Today is World Emoji Day.
Every year tens to hundreds of new emojis appear on phones worldwide.
Two experts explain how the pictures influence our way of communicating.
The first real emojis were designed in 1999 by Japanese computer engineer Shigetaka Kurita.
Phones in this day and age had small screens and barely the ability to display images.
The advent of smartphones has given us the opportunity to express ourselves more and more visually, explains emoji expert Lilian Stolk.
"Telephones were then given such a large screen that there was suddenly room to add part to our communication."
According to linguist Lieke Verheijen of Radboud University, the pictures make it easier to express emotions.
"In an oral conversation you have non-verbal communication, such as facial expressions, hand gestures or tone. You don't have that through written text."
See also: Face that cries with laughter is again the most popular emoji
There is also a second advantage, says Verheijen.
"By adding a happy or sad face you can give a different meaning to an otherwise neutral text. It's not so much about expressing your own emotions, but about how you want others to perceive your message."
Emojis: universal language or not
According to emoji expert Stolk, there is a third advantage: the pictures are a universal way of communicating.
"A heart emoji (❤️) means the same thing in every country," she says.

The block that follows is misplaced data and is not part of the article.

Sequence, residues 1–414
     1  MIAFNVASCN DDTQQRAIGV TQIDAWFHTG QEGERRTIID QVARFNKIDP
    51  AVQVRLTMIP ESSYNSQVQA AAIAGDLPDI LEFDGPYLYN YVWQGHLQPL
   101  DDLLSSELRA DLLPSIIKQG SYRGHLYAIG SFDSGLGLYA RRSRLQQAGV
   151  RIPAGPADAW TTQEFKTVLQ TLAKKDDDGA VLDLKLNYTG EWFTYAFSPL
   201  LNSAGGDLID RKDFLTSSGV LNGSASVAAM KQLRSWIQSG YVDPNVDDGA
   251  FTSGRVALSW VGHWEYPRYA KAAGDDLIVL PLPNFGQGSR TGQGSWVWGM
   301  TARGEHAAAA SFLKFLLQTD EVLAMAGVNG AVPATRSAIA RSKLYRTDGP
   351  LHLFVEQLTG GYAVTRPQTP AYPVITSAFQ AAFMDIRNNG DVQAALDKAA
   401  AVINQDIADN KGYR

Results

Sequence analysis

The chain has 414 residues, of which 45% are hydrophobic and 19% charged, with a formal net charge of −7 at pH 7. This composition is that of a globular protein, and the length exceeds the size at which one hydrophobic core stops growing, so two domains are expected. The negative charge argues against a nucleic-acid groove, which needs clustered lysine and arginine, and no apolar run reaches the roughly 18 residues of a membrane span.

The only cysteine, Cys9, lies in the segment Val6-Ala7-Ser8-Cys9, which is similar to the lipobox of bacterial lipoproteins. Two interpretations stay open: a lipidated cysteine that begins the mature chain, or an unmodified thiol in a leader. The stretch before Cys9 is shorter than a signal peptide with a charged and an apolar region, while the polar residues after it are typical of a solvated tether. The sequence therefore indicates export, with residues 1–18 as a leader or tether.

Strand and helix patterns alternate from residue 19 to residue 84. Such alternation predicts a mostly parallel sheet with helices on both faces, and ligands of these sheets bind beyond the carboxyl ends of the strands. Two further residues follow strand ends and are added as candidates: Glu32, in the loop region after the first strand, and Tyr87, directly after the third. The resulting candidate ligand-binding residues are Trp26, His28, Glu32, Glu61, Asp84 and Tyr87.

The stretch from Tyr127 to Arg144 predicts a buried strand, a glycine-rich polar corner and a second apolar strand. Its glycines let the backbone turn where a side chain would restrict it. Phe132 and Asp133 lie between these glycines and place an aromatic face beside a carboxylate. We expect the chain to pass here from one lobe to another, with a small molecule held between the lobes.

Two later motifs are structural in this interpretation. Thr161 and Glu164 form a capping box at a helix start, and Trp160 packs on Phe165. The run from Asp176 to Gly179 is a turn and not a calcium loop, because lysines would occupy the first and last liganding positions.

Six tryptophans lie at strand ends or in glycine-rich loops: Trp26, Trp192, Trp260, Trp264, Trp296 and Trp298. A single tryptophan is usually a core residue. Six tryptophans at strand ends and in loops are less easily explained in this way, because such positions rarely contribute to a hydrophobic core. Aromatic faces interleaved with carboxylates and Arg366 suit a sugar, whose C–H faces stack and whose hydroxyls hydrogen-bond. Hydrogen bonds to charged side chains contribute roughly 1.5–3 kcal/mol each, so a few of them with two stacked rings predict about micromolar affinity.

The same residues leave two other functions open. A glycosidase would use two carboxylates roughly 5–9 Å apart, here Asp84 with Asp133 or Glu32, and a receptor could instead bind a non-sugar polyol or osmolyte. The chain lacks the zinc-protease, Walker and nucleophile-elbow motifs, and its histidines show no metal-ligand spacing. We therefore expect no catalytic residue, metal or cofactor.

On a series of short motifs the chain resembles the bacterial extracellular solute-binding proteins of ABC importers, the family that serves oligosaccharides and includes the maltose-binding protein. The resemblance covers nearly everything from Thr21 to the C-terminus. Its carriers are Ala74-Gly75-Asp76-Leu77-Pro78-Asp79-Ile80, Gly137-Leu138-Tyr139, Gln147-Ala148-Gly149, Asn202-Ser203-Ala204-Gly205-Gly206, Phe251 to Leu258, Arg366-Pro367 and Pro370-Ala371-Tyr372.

Verheijen does not fully agree with that statement.
"There are too many emojis that have different meanings in different countries for that."
For example, she points to the emoji that gives a thumbs up (👍).
In Western cultures, this is a sign of approval, while in the Middle East this gesture is considered vulgar.
According to the linguist, there are actually few drawbacks to emojis.
"Our written language is not affected by the use of emojis. It is not the case that we only communicate in emojis."
People do have different opinions about when it is appropriate to use emojis, says Verheijen.
"For example, in emails at work."
She emphasizes that generational differences can play a role in this.
Not a good representation of the world
Emoji expert Stolk believes that emojis are not a good representation of people around the world.
"Whether a new emoji is allowed is determined by American authorities. At the same time, it is also not possible to translate the whole world into emoji, because then there would be too many."
Stolk also calls the use of emojis "a lazy way of communicating" in some cases.
"If you really want to let them know that you're thinking about someone, it's more valuable that you do it in words."